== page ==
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Keep on “Tri-ing.”

Keep on “Tri-ing”

This week we welcome another guest blogger.  If you have a story you’d like to share, e-mail us at usaf.marathon@us.af.mil.

My name is Renee Imbalzano Zegar from West Chester, Ohio.  I am a 41 year old wife and mother of a 13 and 10 year old.  I work full time as a speech Language Pathologist in a local high school.  I am an avid runner and triathlete.  I enjoy living life each day with a smile on my face and aspire to make others do the same.  I ran my first marathon in 2005 at the age of 30 and as a brand new mother in a time of 4:09.  Since then I had a second child, have run 14 marathons and half marathons as well as countless 5k and 10k races.  I am also a 14 time Boston qualifier.   My running career improved each year as I dedicated more time to my training and learned to train for speed and distance.  Five years ago I took up triathlons after watching Ironman World Championships on television and being amazed by the people I saw competing.  I learned to swim and became more comfortable riding a bike.   I have completed 2 full Ironman triathlons, 5 half ironman triathlons and many Olympic distance triathlons.  I improved each year of racing with consistent training and have also now completed a  World championship Ironman in Hawaii in October 2016.

Throughout the course of my racing career I have overcome many obstacles and challenges.  Being a wife and mother with a full time job has required creativity with finding time to get the training in.  On top of regular life duties, I was diagnosed in 2012 with thyroid cancer and had my thyroid removed and went through radioactive iodine treatment.  That very next summer an injury in my foot side lined my running and the aching foot that wouldn’t heal turned into a stress fracture.  I was out of the sport I love to do for 5 ½ months.  I slowly got back my running and speed and for my 40th birthday I decided I would run Boston once more and sign up for my second ironman.  I ran Boston in April 2015 in a PR time of 3:17:12 and it made me smile to have overcome cancer. I also embraced being a master runner in my new age category.  My motto became “age is just a number.”  Following Boston, full on Ironman training began.  It was 5 months of 4:30 am wake ups, watching my diet, 2 and 3 a day workouts, giving up every Sunday to spend the day getting in long bike rides, missing time with my family and friends.  This was all in preparation for Ironman Chattanooga, in which I placed 3rd in my age group with a PR of 10:50: and secured my qualifying slot in Kona, a world championship Ironman.  My Mojo tri team mates became my very close friends as we spent hours and hours together.  They motivated me when I was at my lowest, pushed me when I was exhausted, lent me race wheels, shared race plans and secrets, taught me how to change a flat (which I still struggle with), laughed along with me when I fell off my bike, and pointed out that despite my lack of swimming ability at least I could run and catch themJ  I really could not have achieved what I have without them.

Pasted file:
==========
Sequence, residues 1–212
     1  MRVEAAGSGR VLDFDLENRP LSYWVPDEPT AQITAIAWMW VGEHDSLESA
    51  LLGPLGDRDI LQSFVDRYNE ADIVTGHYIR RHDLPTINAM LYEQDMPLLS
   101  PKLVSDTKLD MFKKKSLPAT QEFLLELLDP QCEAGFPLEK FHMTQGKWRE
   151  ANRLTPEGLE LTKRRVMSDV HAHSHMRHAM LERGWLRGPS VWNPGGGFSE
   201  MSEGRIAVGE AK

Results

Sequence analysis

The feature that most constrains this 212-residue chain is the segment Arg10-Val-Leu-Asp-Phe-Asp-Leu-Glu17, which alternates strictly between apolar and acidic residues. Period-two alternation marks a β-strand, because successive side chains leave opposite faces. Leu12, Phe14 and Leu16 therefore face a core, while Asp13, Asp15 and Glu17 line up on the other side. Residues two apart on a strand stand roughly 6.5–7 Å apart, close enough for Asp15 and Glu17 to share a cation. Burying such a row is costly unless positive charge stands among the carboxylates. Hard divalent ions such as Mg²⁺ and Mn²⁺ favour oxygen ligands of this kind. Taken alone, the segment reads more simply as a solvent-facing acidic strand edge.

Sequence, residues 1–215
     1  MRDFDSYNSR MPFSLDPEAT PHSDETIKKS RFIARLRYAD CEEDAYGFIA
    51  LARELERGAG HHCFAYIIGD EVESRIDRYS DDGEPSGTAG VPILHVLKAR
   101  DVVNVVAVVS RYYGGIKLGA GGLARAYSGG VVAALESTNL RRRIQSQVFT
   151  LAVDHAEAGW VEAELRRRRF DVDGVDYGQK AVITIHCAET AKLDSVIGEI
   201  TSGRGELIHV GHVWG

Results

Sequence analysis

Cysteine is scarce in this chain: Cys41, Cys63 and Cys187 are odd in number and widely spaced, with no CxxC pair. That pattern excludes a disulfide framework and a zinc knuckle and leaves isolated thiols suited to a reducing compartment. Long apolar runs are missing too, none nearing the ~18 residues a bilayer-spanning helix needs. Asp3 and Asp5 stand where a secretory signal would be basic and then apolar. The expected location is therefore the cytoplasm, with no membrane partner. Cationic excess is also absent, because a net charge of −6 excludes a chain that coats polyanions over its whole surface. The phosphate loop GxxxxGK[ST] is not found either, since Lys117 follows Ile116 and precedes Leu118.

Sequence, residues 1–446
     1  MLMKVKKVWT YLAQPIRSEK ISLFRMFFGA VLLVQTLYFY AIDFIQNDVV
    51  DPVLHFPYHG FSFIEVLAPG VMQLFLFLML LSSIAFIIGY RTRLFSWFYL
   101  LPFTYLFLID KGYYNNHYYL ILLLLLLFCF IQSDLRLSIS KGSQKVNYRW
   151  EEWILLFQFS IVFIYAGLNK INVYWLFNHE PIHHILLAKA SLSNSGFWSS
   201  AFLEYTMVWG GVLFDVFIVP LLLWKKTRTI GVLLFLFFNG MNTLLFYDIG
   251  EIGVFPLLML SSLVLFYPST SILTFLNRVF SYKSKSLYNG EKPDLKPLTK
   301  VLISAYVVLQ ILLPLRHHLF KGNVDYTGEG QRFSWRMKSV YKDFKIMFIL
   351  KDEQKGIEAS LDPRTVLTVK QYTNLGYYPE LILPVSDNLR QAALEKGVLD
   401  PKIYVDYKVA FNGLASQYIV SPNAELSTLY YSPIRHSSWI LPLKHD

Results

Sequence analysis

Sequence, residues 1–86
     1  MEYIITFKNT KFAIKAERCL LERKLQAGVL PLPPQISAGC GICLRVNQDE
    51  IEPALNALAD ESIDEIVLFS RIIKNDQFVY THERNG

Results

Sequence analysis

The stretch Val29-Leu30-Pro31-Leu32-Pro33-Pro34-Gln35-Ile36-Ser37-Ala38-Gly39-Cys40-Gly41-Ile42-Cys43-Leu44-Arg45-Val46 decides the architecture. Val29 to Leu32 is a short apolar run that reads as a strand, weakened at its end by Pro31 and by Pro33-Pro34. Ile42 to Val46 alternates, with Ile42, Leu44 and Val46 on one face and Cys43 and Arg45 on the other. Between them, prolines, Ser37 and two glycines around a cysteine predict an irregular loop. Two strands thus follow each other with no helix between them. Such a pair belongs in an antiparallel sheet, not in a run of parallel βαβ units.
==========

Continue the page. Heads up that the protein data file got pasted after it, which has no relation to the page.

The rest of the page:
In September 2016, I ran the 20th Air Force Half Marathon. I was pleasantly surprised by my performance. I ended up 6th overall female and 1st in my age group! That was my last running race before the Ironman in Kona, only 3 weeks later.

My racing and training has been a testament to the fact that with the correct training and support your body can and will do anything.  I try to instill this fact into each new friend I meet at running and tri groups.  My goal is to help others reach their goals and overcome personal obstacles.  It gives me tremendous personal satisfaction to motivate and provide support to others to achieve things they didn’t think possible.   I hope through all my accomplishments I can be a positive role model and inspire others around me.   Anything is possible it we just give ourselves the time to ‘tri’J